Military spousal support mainly refers to a collection of benefits given to a spouse whose partner is employed by the military. These benefits may come in various forms, such as in finances, services, or career assistance. In the US, the law stipulates that every military member should supply sufficient support to family members while the former is on duty.
One type of military spousal support is a spouse scholarship. Many military spouses chose to forgo their education to support their servicing partners. One of the best times to continue their education is when their military partners are away on duty. The military provides exclusive grants and scholarships to spouses such as internship finances, student loads, living allowances, and even a full-tuition scholarship. Spouses can even choose different educational goals. Sometimes, the military may increase the amount of assistance if the spouse has a form of disability.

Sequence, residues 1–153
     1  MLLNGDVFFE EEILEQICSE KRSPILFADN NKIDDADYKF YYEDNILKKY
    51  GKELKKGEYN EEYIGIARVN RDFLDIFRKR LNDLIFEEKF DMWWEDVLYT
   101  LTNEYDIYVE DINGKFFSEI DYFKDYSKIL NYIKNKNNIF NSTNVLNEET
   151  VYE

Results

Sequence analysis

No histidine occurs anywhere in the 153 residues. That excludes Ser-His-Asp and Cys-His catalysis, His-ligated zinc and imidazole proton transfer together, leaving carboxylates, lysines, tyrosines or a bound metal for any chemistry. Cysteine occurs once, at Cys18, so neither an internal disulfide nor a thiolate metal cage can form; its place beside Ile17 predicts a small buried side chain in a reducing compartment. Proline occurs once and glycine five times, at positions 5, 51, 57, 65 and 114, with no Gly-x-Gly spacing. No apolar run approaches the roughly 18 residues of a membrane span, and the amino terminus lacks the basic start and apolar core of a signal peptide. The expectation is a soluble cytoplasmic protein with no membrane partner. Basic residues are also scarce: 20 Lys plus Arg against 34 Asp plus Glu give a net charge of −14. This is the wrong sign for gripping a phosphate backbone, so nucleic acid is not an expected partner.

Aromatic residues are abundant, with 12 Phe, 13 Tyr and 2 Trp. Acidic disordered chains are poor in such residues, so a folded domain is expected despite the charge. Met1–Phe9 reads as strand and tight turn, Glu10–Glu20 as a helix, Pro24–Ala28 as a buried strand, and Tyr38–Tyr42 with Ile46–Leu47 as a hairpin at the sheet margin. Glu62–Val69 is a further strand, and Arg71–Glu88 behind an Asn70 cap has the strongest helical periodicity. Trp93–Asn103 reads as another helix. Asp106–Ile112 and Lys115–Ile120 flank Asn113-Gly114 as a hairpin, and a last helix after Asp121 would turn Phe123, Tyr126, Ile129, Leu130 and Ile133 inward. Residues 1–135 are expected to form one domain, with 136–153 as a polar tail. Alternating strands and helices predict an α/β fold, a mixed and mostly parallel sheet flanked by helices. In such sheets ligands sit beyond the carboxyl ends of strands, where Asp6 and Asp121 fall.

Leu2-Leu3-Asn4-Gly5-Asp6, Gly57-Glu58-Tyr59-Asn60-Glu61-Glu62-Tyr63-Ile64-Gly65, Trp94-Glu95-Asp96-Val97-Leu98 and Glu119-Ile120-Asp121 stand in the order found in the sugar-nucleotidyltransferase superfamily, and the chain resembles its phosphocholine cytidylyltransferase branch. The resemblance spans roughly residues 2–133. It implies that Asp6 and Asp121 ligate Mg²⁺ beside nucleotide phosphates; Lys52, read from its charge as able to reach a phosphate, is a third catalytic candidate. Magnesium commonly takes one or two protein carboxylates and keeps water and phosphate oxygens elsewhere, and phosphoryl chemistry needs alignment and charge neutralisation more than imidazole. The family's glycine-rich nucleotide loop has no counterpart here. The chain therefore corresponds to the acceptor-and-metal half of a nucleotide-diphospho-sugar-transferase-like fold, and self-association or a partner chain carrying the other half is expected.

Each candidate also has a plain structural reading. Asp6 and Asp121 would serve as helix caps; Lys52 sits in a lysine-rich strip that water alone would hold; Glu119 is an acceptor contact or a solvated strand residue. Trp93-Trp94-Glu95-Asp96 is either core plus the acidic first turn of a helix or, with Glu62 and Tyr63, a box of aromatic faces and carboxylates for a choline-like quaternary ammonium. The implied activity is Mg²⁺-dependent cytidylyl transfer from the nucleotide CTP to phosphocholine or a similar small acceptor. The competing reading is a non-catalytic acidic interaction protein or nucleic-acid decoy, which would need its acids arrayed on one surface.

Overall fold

Spousal career development is another form of military spousal support. One of the greatest challenges of being married to a servicing partner is the frequency of relocation, which can affect the stability of employment. The military can help a military spouse by referring her to “spouse-friendly” companies and employers. It can even organize a job fair exclusively for military spouses. In some cases, the military can even provide childcare assistance to help a military spouse balance her work and home responsibilities.
Aside from education and careers, medical military spousal support can also be granted to a dependent spouse. Some health care assistance can cover free annual medical and dental check-ups, confinement subsidies, and rehabilitation. Health and life insurances can also be given to dependent spouses, as well as the children.
In some cases where a military divorce occurs between the married couple, the military spousal support can still be continued, but categorized under “former spouse military benefits.” One form of military support in this situation is providing legal assistance. Many cases of military divorces do not take away any existing military benefits, such as health and financial assistance. This is especially true if the former spouse has children under her care or is suffering a preexisting illness.
Usually, a former servicing partner would divide the amount of financial support accordingly. For example, 50 percent of the amount would go to the former spouse, while the other half is named under the child. This policy can prevent a former spouse from taking advantage of her military benefits for her own interests.